The FBI and other law enforcement officials have said the federal government is not equipped to properly vet foreign refugees. The Obama administration has continued to be committed to bring at least 10,000 Syrian refugees into our country in 2016, and is now shortening the screening process for these individuals.
Free Beacon reports An Obama administration plan to resettle a greater number of foreign refugees in the United States by expediting the screening process is drawing concern from Capitol Hill, where lawmakers are warning that the administration is not capable of properly screening these individuals for ties to terrorism.
The Obama administration has committed to bring at least 10,000 Syrian refugees onto American soil in fiscal year 2016 by accelerating security screening procedures from 18-24 months to around three months, according to sources who spoke to the Washington Free Beacon.
Obama administration officials told the Free Beacon that they remain committed to the plan, despite warnings from the FBI and other law enforcement officials who say the federal government is not equipped to properly vet these individuals within that timeframe.
The administration is committed to moving forward this year with a plan to resettle 10,000 Syrian refugees and 85,000 refugees overall, officials said.
Lawmakers are pressing the State Department and White House to reconsider the plan, arguing that critical security concerns should be addressed before it is implemented.
“We know the 18- to 24-month vetting process for Syrian refugees has severe vulnerabilities after FBI Director James Comey warned about the federal government’s inability to thoroughly screen Syrian refugee applicants for terrorism risk and after the Department of Homeland Security’s investigative arm warned about ISIS’s capability to print fake Syrian passports for terrorist infiltration,” Sen. Mark Kirk (R., Ill.) told the Free Beacon.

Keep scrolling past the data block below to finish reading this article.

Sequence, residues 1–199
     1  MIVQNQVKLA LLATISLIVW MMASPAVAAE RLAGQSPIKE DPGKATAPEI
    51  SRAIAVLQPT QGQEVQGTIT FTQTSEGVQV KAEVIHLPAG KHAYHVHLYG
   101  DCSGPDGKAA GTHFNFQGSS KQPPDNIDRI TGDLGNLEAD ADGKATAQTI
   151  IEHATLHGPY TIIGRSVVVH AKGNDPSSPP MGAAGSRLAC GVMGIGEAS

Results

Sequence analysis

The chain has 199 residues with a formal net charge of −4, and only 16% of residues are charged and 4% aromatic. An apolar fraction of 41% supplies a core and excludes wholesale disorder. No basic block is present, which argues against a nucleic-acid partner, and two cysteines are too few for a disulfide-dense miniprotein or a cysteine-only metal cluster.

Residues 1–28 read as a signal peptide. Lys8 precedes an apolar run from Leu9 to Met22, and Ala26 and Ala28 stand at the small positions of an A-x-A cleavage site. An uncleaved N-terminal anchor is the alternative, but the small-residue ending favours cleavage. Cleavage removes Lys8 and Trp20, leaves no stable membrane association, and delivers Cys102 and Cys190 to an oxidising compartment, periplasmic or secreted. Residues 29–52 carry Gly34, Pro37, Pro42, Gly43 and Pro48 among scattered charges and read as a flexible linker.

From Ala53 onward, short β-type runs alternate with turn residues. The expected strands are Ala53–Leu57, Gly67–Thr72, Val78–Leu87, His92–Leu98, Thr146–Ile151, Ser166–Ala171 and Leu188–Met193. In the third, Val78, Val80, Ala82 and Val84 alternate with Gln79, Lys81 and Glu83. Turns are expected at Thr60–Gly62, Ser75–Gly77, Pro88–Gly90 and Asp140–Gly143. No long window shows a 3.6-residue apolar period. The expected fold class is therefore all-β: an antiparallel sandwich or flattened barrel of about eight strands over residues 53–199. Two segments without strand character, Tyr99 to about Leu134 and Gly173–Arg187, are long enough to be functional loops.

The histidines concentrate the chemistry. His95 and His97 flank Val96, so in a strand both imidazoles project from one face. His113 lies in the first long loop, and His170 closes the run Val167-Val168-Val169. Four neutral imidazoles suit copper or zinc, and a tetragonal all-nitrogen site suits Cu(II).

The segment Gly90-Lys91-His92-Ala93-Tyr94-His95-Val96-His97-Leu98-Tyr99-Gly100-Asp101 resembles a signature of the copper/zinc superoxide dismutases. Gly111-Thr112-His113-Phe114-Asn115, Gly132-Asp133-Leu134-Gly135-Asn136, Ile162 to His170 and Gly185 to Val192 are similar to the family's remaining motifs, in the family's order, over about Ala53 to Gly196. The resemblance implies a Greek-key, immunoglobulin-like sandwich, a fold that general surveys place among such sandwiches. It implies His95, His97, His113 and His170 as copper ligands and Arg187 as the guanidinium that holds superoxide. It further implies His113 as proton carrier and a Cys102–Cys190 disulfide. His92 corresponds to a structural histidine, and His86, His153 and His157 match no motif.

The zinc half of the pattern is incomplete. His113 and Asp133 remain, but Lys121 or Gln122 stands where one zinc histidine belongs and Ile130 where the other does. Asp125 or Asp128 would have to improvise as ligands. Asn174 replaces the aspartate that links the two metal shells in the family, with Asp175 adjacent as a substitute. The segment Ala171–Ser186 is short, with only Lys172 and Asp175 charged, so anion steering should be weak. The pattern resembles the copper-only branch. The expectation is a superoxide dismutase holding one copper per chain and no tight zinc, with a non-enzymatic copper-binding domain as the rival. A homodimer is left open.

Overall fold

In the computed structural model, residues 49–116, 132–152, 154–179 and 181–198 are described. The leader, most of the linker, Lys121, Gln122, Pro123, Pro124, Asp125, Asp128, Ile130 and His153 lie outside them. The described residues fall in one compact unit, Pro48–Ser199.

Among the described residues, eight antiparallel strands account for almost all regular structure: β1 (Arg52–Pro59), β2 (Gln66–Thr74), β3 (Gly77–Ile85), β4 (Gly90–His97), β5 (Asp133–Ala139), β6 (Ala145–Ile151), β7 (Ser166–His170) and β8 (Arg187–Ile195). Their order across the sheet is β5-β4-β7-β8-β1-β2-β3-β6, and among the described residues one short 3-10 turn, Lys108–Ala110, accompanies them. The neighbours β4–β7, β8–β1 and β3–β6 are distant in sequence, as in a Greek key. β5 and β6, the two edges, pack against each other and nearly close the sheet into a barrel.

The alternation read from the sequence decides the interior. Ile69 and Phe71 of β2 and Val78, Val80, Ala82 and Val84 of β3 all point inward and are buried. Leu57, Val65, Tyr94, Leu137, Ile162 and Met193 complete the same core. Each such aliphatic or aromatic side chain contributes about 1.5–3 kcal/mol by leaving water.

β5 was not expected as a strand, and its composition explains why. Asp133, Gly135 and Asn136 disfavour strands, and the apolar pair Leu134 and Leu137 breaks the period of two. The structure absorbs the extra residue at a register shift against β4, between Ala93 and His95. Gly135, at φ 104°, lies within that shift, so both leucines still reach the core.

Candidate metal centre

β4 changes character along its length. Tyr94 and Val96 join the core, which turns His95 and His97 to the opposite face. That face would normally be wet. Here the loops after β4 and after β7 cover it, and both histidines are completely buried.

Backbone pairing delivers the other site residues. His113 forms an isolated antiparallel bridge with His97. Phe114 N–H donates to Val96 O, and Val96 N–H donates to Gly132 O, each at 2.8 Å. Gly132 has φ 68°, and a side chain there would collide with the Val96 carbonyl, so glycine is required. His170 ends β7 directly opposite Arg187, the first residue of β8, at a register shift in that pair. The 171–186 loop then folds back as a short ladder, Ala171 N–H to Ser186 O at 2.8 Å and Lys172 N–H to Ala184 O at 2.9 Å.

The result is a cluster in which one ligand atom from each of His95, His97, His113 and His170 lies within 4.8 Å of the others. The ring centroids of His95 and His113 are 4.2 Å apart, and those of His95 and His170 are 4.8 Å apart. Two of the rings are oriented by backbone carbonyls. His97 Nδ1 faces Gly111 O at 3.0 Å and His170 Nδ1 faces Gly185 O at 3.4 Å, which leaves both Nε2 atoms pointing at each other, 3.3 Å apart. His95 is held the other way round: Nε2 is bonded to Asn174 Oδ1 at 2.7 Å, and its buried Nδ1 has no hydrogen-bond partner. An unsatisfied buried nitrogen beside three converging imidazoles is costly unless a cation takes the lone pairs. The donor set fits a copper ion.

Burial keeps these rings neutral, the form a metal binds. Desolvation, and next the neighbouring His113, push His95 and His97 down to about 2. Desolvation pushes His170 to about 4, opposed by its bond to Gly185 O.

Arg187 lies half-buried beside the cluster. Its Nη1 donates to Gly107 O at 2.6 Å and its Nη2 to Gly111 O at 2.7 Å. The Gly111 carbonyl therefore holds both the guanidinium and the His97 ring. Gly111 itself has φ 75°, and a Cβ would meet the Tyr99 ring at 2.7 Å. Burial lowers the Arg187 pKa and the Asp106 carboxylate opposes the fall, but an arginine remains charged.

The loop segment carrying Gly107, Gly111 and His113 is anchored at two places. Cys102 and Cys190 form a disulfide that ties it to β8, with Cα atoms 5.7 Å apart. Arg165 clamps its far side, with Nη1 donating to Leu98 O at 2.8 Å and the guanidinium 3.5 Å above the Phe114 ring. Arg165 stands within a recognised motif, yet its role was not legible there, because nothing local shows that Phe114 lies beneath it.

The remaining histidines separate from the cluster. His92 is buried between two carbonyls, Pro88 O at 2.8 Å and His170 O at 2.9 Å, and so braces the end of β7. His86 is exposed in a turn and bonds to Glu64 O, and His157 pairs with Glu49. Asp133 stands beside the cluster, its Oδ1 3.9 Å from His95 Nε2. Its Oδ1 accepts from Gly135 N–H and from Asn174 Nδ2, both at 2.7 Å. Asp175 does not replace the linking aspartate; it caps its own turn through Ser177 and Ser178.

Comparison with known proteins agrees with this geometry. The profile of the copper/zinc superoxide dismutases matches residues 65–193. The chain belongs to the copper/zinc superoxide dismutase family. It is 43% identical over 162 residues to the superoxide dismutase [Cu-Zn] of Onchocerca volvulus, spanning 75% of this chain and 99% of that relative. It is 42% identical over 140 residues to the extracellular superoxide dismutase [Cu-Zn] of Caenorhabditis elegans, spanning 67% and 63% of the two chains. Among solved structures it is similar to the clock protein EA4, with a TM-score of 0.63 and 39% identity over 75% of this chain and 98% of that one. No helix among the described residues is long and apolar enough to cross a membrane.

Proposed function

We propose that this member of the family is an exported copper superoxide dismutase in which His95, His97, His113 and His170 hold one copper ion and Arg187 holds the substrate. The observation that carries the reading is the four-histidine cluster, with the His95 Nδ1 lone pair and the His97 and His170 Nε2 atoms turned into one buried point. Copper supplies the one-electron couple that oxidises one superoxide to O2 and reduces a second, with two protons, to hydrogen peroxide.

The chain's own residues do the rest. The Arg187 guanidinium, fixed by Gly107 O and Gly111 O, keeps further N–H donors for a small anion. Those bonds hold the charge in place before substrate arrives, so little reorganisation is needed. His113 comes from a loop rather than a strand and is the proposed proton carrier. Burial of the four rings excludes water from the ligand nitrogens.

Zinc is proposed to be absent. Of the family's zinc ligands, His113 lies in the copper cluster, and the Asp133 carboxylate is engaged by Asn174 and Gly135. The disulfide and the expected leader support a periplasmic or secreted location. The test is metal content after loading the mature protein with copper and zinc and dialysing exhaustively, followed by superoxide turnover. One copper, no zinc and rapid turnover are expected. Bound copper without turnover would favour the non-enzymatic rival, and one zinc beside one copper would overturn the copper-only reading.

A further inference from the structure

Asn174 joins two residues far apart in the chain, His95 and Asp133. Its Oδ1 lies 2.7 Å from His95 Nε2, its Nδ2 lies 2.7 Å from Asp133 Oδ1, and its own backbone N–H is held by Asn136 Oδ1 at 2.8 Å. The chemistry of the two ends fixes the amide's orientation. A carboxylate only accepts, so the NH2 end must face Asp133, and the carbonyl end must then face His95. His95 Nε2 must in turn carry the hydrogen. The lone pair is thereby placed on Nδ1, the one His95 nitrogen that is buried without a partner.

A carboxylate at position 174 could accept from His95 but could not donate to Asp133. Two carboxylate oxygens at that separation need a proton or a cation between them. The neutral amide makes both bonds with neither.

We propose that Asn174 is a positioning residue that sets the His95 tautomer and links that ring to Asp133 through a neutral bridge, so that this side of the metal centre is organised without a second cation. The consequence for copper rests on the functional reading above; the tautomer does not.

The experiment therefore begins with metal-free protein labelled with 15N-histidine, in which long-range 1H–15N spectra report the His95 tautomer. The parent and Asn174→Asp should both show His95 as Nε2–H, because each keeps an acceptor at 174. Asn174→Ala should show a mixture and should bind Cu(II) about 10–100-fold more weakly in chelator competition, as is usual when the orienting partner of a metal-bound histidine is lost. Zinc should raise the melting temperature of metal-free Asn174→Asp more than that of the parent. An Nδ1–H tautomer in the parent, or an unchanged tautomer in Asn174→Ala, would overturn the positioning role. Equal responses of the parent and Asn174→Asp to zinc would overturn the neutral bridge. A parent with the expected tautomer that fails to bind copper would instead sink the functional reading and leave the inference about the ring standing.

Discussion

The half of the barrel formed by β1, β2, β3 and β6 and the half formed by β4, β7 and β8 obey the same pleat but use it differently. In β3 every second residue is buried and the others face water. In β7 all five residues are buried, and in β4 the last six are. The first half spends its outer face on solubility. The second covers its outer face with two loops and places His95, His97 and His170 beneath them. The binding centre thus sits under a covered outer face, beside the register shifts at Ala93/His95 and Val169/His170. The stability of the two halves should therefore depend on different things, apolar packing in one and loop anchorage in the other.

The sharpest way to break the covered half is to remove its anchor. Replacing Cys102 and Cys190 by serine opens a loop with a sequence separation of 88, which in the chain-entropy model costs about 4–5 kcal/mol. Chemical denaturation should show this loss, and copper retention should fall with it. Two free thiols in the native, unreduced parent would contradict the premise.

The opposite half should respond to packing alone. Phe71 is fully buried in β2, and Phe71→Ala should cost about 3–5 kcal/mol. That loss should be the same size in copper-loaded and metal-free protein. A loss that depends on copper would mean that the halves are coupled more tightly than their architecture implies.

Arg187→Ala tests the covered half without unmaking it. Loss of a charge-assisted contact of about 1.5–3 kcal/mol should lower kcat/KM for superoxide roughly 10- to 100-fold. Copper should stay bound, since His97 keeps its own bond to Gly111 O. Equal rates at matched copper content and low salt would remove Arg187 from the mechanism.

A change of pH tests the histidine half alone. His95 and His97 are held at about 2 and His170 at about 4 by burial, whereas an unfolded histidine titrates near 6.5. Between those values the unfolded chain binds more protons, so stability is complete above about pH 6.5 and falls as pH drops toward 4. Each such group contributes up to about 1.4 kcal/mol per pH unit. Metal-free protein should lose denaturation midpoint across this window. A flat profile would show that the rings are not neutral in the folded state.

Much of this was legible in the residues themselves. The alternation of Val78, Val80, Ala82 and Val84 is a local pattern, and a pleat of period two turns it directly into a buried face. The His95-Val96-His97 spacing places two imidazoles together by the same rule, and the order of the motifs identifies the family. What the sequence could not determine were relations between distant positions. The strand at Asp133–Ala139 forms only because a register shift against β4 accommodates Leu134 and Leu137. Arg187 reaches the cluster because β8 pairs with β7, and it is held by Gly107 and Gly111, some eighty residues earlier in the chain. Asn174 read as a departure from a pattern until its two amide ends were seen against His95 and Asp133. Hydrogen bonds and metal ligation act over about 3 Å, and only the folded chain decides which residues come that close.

The administration has not specified what mechanisms it has put in place to facilitate the screening of a larger number of refugees on a three-month timeline, according to Kirk.
“Given that the administration has not explained to the American people whether and how it fixed these and other known vulnerabilities to terrorist infiltration, it is highly irresponsible for the administration to reduce the 18- to 24-month vetting process for Syrian refugees down to three months to meet its artificial and ideologically-driven goal of bringing 10,000 Syrian refugees onto U.S. soil by September,” said Kirk, who recently introduced legislation to impose enhanced screening measures to prevent terrorists from taking advantage of the U.S. refugee program.
A State Department spokesman told the Free Beacon that the United States is expected to take in around 15,000 more refugees than it has in the past three years.
“The United States remains committed to the president’s plan to resettle 10,000 Syrian refugees and 85,000 refugees overall to the United States in fiscal year 2016,” said the official, who was not authorized to speak on record. “This projected increase in arrivals from around the world, from 70,000 in each of the last three fiscal years, will not curtail any aspects of the process, including its robust security screening.”